The place of the historic Irish diaspora is still explored today through choices in memorialisation. Dr Andrew Newby examines the legacy of Edward McHugh, a nineteenth-century Tyrone-born social reformer whose life is being commemorated in Liverpool in June. How people like McHugh are remembered, as Irish nationalists, social reformers, or international socialists, continues to be discussed and inform our understandings of the place of Irish political communities in the past.
In April 1915, a large but diverse group of family members, land reformers, trade unionists and Irish nationalists assembled at Flaybrick Hill Cemetery in Birkenhead to pay their last respects to Edward McHugh, a Tyrone-born social reformer who had died the previous week after a long illness. In Liverpool and Glasgow, branches of the United Irish League held a minute’s silence at their weekly meetings. In the days and weeks that followed, obituaries for McHugh were published in newspapers and journals from New York to New Zealand.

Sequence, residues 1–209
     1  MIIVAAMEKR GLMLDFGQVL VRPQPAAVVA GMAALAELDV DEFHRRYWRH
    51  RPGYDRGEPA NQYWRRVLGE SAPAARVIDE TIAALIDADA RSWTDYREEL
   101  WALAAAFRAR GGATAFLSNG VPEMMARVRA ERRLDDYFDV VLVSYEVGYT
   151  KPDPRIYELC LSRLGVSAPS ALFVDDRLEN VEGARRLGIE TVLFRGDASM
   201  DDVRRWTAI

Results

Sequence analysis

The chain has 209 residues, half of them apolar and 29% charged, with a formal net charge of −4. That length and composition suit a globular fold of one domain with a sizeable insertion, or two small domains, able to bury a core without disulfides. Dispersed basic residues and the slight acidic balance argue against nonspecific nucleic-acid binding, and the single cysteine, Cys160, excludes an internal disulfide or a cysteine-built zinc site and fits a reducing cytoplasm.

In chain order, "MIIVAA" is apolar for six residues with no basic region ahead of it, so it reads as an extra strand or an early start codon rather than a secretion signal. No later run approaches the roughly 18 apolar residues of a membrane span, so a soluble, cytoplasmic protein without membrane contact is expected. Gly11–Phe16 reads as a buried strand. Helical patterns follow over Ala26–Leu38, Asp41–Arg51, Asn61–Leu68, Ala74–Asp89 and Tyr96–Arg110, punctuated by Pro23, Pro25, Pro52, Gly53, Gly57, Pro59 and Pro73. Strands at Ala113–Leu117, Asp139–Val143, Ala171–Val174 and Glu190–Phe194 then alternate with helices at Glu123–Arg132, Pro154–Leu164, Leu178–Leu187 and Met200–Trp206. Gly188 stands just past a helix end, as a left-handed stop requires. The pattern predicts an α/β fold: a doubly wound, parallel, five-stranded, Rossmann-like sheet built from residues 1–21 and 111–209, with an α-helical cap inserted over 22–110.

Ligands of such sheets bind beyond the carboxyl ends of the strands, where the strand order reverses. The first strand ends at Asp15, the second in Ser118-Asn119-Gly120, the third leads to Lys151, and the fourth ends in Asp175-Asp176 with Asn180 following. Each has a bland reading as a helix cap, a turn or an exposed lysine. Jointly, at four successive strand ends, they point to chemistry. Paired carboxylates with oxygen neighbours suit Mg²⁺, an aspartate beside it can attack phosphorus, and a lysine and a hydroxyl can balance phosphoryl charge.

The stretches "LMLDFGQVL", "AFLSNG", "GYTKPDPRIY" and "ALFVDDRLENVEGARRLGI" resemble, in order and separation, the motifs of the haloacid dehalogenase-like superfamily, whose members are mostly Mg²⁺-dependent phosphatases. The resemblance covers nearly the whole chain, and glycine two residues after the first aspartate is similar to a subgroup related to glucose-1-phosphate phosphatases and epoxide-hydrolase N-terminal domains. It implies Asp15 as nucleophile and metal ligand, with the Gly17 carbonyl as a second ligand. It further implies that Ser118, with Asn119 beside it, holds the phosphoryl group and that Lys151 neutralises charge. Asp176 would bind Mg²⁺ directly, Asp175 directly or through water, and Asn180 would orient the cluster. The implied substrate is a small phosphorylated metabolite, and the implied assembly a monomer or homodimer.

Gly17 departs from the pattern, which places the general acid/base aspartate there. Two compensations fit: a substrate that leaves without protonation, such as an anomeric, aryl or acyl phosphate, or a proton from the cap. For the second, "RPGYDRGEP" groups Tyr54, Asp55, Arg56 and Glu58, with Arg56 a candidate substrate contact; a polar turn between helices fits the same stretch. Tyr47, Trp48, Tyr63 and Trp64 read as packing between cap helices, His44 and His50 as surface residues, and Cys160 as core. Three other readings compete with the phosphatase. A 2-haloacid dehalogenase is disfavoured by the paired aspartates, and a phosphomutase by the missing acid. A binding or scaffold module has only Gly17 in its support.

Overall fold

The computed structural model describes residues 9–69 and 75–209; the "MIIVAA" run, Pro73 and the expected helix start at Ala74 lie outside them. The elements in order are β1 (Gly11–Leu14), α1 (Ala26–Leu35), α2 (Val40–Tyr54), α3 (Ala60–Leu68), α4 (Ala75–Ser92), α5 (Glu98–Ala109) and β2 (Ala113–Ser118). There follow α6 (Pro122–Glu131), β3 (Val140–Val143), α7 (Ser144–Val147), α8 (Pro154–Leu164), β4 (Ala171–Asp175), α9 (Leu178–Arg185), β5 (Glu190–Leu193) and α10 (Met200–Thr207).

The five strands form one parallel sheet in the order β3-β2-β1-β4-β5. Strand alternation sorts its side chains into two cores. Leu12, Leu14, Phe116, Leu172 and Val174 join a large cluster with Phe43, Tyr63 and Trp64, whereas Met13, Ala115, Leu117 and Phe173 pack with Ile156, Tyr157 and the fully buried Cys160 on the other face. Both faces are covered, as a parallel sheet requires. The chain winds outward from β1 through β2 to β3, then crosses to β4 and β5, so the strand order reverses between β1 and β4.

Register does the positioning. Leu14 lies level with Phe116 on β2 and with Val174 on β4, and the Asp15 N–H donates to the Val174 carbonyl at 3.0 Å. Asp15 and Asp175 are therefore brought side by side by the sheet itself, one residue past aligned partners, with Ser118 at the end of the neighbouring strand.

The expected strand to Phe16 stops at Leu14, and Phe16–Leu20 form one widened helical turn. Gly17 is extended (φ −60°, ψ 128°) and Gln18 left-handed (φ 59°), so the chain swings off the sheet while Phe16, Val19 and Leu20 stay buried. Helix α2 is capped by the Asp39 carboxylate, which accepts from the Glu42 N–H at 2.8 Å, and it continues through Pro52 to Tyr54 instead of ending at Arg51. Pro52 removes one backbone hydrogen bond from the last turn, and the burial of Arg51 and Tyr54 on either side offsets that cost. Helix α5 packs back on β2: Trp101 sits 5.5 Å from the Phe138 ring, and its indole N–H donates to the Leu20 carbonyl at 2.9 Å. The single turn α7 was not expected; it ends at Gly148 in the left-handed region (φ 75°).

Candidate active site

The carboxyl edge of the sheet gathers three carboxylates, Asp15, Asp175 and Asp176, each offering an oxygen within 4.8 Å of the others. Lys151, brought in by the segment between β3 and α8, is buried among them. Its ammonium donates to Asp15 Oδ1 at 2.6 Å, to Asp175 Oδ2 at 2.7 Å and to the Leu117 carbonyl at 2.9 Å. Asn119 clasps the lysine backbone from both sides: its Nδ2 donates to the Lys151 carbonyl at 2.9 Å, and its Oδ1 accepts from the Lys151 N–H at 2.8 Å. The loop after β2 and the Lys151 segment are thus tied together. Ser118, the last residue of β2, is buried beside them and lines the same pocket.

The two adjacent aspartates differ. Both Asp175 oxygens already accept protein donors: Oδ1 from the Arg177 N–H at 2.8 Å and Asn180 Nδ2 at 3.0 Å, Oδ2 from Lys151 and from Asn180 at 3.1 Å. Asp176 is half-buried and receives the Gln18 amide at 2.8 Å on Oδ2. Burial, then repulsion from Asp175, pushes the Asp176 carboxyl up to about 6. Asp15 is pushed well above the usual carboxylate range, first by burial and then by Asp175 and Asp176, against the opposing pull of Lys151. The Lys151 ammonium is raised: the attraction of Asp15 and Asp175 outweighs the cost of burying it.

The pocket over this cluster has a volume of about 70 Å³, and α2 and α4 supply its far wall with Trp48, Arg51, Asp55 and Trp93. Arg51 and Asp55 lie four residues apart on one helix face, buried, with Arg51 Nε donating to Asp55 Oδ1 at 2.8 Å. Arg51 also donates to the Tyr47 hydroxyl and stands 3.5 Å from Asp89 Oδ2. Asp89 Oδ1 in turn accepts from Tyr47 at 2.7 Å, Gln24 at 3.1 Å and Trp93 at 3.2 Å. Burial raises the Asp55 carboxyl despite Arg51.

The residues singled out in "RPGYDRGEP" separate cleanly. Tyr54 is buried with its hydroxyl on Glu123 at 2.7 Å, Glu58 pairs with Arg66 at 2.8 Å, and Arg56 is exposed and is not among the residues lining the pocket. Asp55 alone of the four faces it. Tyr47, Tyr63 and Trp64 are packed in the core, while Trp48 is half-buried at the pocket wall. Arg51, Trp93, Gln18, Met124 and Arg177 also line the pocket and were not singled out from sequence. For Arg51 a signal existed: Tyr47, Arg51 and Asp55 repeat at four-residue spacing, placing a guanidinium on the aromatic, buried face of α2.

My first visit to McHugh’s grave was almost exactly twenty years ago – 29 March 1999. In many respects, McHugh personified the complex (and fluctuating) strands of nationalism, socialism and trades unionism that were present in Irish diaspora politics in the late nineteenth century, and as such he had developed into a key figure in my own research. He was also very mobile – he lived many years in Scotland before settling in Merseyside, but was almost constantly on the move promoting, in the words of Michael Davitt, “any just cause that captures his adhesion”. Piecing together McHugh’s life was an enjoyable challenge, and during an archival visit to Liverpool I crossed the river to spend some time looking around his old haunts in Birkenhead. His grave lacked a headstone, and so I left some tulips and a hastily improvised memorial of my own. Only now, over a century after his death, is McHugh’s memory being revived. On June 29th 2019, another crowd will assemble in Flaybrick Memorial Gardens to inaugurate a new headstone, thanks to the publicity and fundraising efforts of Luke Agnew , the current sexton gravedigger at the cemetery and Mark Metcalf , a journalist and author.